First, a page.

This past weekend was a long one--I had yesterday (Monday) off for what is essentially Korean Memorial Day (현충일, Hyeonchongil) . One of my coolest/best Korean co-workers, On Chu, generously invited me along for a trip to Jeonju, with her and her two close friends from graduate school. Jeonju is about three hours away from Seoul--look here:
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Jeonju is an important historical city: the spiritual capital of the Joseon dynasty. It has loads of museums, relics, and is most importantly where bibimbap (비빔밥)--Korea's famous mixed rice dish--originated.
I also invited one of my foreigner besties--Leah--along for the trip. FUN FUN FUN.
Looking at the Korean Tourism Organization's page on Jeonju, I thought we were going to be doing a lot of "old" Korean stuff--visiting temples and shrines and stuff. Since we were in such a rural part of the country, I figured everything would be extremely old school--no fancy pants cafes or chain restaurants to be found anywhere. Not to say there weren't temples:
Leah makes this temple a lot sassier, that's for sure
Or old Catholic churches:
But the Hanok Village where we stayed was also filled with cafes, art galleries, and hip little shops where you could buy both traditional and more modern Korean art. We had breakfast at a cafe filled with gorgeous, contemporary multi-media:
My beautiful, delicious carmel maccihato. You CAN get fancy pants coffee outside of Seoul!
The "village" felt really chic: there was nice landscaping that reminded everyone of Insadong, the super-touristy "traditional" neighborhood in Seoul:
The gang outside of the minbak where we stayed
But who am I kidding: this trip was really all about the food, and eating pretty much constantly. We had Jeonju makgeoli, which was served with a bunch of delicious farm-style, rustic side dishes (my favorites being delicious, steamed peas and perfectly grilled, sweet perch):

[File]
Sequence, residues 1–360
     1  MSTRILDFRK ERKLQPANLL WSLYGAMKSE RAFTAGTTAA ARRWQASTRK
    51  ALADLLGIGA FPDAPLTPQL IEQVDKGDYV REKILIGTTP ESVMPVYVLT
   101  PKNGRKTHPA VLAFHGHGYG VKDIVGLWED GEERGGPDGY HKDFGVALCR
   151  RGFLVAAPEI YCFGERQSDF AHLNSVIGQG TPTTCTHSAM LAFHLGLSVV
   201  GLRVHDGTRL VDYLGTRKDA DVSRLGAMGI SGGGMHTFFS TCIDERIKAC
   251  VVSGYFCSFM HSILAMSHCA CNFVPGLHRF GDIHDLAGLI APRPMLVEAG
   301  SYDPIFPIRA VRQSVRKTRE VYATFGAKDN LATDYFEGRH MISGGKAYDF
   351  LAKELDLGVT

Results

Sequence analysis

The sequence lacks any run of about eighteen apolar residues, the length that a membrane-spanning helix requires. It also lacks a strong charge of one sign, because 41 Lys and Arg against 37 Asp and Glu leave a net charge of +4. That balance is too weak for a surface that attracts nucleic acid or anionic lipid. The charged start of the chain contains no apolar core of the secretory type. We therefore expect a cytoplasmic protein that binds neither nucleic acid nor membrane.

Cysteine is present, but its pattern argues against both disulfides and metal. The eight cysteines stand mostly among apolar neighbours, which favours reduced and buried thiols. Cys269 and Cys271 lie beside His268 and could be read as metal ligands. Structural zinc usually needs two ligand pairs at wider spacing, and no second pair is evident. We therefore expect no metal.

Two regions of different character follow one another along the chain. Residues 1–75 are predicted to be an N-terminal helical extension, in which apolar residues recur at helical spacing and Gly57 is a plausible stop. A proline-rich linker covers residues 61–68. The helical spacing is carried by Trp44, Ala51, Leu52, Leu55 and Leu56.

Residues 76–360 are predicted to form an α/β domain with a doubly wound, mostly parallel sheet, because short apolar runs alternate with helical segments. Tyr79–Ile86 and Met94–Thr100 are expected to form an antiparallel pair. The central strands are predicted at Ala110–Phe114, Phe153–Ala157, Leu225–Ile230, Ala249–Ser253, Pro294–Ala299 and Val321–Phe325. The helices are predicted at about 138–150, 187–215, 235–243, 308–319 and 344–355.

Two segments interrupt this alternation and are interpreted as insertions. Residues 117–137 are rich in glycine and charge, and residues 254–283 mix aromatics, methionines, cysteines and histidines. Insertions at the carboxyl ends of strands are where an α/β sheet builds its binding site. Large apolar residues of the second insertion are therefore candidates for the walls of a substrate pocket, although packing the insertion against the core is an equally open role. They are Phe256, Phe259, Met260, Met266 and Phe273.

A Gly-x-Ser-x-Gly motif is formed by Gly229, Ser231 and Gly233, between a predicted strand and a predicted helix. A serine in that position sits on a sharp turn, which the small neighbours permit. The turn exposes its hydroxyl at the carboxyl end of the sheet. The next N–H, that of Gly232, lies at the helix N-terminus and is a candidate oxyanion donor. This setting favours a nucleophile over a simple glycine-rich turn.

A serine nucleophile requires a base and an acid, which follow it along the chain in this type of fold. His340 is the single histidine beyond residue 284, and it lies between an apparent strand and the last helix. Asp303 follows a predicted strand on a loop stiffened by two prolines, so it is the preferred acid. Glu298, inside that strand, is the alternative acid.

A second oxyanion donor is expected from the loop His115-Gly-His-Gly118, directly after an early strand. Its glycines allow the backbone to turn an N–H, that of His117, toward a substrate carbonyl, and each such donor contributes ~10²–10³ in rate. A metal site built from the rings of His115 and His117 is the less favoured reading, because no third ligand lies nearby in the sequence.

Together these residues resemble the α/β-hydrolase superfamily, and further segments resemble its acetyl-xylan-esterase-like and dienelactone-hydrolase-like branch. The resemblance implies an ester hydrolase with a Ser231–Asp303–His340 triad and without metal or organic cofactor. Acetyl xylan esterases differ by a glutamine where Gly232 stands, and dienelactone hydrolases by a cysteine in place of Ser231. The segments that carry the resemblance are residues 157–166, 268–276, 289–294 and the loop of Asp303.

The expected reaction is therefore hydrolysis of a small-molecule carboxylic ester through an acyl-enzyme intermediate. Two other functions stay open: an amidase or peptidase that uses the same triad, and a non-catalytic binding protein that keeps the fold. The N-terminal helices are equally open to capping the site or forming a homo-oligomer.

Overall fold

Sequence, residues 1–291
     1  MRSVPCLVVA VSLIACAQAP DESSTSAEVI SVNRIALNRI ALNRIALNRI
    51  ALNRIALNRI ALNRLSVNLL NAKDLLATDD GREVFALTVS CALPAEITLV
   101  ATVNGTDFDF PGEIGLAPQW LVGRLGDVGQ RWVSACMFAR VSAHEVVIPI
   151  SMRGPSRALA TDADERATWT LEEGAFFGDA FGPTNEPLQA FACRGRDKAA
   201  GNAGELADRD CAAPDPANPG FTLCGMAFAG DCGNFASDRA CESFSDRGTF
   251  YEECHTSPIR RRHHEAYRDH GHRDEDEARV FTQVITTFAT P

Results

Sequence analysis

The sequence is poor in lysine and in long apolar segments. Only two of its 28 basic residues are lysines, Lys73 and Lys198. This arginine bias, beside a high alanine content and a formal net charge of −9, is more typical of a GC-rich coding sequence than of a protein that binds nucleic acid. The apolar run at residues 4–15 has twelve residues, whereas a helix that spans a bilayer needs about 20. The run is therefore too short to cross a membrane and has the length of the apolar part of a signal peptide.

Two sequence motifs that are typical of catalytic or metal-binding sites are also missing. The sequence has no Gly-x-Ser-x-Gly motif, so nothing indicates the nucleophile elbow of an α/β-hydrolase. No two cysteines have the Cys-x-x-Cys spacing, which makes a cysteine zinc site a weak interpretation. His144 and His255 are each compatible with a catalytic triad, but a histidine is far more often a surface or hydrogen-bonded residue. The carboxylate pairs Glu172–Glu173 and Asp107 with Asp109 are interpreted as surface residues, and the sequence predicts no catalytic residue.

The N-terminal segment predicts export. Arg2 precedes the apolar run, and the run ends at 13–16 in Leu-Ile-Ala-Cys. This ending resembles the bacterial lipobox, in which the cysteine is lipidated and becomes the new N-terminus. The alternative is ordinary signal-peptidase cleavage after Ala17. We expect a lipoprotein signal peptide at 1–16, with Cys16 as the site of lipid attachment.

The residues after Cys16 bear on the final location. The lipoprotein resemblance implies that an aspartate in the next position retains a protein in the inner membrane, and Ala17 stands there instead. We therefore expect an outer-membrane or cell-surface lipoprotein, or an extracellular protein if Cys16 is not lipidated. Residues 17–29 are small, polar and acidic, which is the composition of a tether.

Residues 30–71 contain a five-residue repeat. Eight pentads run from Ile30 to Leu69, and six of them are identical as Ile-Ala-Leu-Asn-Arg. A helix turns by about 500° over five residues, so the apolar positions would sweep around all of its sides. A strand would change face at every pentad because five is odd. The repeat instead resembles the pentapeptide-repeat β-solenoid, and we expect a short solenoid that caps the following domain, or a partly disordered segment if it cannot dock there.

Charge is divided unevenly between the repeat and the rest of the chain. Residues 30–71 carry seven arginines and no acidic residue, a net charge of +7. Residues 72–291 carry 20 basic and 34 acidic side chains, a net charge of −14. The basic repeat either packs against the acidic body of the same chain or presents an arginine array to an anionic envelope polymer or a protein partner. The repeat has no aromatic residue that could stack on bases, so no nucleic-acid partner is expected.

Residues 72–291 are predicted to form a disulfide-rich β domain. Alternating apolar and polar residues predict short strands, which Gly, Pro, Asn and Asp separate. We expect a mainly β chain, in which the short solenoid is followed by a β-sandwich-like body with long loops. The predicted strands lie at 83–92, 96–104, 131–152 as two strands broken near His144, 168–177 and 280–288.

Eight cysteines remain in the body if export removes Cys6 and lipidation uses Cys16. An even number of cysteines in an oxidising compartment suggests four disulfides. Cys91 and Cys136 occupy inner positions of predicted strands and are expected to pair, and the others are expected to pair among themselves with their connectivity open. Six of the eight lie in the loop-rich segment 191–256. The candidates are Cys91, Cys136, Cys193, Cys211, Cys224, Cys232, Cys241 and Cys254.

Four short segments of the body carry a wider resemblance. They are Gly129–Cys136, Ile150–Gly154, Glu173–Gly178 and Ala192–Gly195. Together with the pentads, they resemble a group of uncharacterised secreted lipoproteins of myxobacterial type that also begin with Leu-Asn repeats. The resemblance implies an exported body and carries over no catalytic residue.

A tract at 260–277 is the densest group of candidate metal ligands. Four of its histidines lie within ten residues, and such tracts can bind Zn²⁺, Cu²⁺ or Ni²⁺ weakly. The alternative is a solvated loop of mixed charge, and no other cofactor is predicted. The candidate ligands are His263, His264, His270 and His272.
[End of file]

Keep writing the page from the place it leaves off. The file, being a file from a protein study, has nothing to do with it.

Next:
Then, there was the bibimbap. We waited in line for almost forty minutes to eat bibimbap at Ga Jok Hoe Gwan--a famous restaurant where bibimbap is prepared by a chef who is considered something of a national treasure in Korea:
Taken while waiting in line, this is the face I make when prompted, "Look bored and impatient"
Leah looking more sad than than bored/impatient
It was worth the wait. It was by far the most delicious bibimbap I've ever had. The ingredients tasted so fresh, and it was spicy and delicious and didn't taste overwhelmingly like salty red pepper paste.
The 계란탕(gaerang tang--egg soup) sreved on the side was also the best I've ever had. It was creamy, fluffy, and delicious.
On Chu Teacher digs into the side dishes that came with our bibimbap. This is probably a good moment to expouse about how cute/funny/intelligent/great On Chu is/was for taking me and Leah along with her awesome, well-mannered, smart friends for a super duper fun weekend getaway.
We skipped dinner after a massive, post-lunch bowl of delicious patbingsu (팟빙수). I once blogged about this and refereed to it as the weirdest food ever. I still think it is weird but it is also insanely delicious:
It was great to spend a lot of time with/take lots of goofy pictures with one of my favorite people ever Miss Leah:
Overall, a great weekend in a great part of the Korean countryside that I had never been to before!